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Way of Love: Recovering the Heart of Christianity

Way of Love: Recovering the Heart of Christianity by Norman Wirzba

What is at the heart of the Christian faith, what makes this age old faith tick?  This is the question that Professor Norman Wirzba tackles in his new book, The Way of Love: Recovering the Heart of Christianity.  Many will know Wirzba as a Professor of Theology and Ecology at Duke University Divinity School, while others will know him for his long forays into the intersection of theology and the environment (Food and Faith: A Theology of Eating, 2011).  This book is both a clearing of the deck of old worn out theories describing the essence of Christianity but also paves the way forward with a vision of Christianity that is for all of life, including all of creation.  With a healthy dose of wisdom, clear thinking, and imagination, Wirzba plows ahead breathing new life into the teachings of both Scripture and the faith.

Grounding the nature of Christianity as both a way of life and an understanding of God, Wirzba writes, “Christianity reveals the life of God and therefore also the meaning of life as a way of love (1-2).  Yet, the church has often been an obstruction in the way of love, seeking to exclude or punish others while maintaining a safe distance from those deemed a threat.  Even with a painful past, “love needs God to expose and explode the often anxious, often self-serving desires that are love’s pretenders (3).”  Our feeble minds dissect love into who’s in and who’s out, all the while narrowing and making love much too small, while the coming of Jesus of Nazareth upended all these distinctions.  So how does this way of love work and transform all those whom it touches?  Wirzba writes, “Seeing Christianity as a school or laboratory that trains people in the ways of love is the best way to understand the work and mission of the church (7).”  There is an apprenticeship in mind here, a life-long training that discards distorted ways of love and inculcates a way of love that embraces the other.

One of the beautiful points of the whole book is Wirzba’s insistence that we can’t love on our own (21).  Early on he writes, “To learn to love, you have to practice with other people who are committed to inspire you when you are tired, celebrate when you succeed, and comfort you when you fail (21).”  The concept of a man meditating on high place or a wise person flagellating his body does not push someone to love others well.  Rather, being in community with others gives us a vision of sacrifice, of “going to others and offering ourselves to others, so that our life together can grow and flourish (22).”  We see in this picture of the marriage covenant, each person committing to love on another til death, through thin and thick, but we also witness this sacrificial love in church.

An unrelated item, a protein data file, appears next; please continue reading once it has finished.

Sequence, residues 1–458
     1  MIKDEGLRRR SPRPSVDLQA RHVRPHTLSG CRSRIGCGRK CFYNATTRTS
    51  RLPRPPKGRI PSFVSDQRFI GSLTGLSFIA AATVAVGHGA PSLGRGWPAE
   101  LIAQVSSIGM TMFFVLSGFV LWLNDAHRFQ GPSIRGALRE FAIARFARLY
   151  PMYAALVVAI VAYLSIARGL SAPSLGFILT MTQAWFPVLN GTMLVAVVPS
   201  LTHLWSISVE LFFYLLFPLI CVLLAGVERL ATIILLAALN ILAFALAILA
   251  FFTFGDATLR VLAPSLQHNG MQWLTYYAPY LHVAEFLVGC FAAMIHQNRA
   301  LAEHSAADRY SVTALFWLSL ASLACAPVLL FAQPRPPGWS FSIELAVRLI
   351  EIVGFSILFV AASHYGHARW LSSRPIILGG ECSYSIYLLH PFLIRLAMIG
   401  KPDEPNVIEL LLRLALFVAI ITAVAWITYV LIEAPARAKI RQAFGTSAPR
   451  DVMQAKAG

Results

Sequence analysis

Wirzba takes on the issue of sin and its effects on all of creation with profundity and wisdom.  Looking at sin’s dysfunction interpersonally, Wirzba writes, “When people are muddled about love, they gradually lose the sympathies to recognize each other’s need and pain, the imagination to envision each other’s flourishing, the commitment to work patiently with others to help them realize their potential, and the joy that cherishes and celebrates the goodness that others are (99).”  We have corrupted the way of love into a self-serving kind of convenience that cares not for the outside world.  And yet, “The love of God is not like this.  It is unconditional and universal, extending to every creature and every person (106).”  Norman brings together a Augustine’s understanding of sin but also gives us a glimpse how disordered desires hinge upon power, control and convenience.  No longer is there a giving and receiving of love, but a taking and profaning of the other person for our own twisted ends.

The book takes a turn for the beautiful as Wirzba recounts the story of Mark Eddy joining the small college community in Georgetown, Kentucky.  With anger, sadness, depression for at least ten years (149), Mark needed some healing.  Standing before the congregation in 2006, Mark tells them,

“When it became known that I was sick, I found myself surrounded by the light of love from people who hardly knew me.  My family was flooded with prayers, food, cards, and the assurance that we were not alone and that others would be there for us.  It was though there were a thousand arms of love reaching out to us.  And I knew that it was the presence of God.  I felt that I’d been overtaken by the kingdom of God and allowed briefly to look inside to experience just for a moment the love and joy of Christ’s kingdom (150).” 

The visible grace that was shown to Mark is what this book is all about, making evident the rich love of God and the way of love that is taught by God to be showered upon all creation.  I hope you will read this book and be richly encouraged by its words.

Thanks to HarperOne and Jane Chong for the copy of this book in exchange for an honest review.


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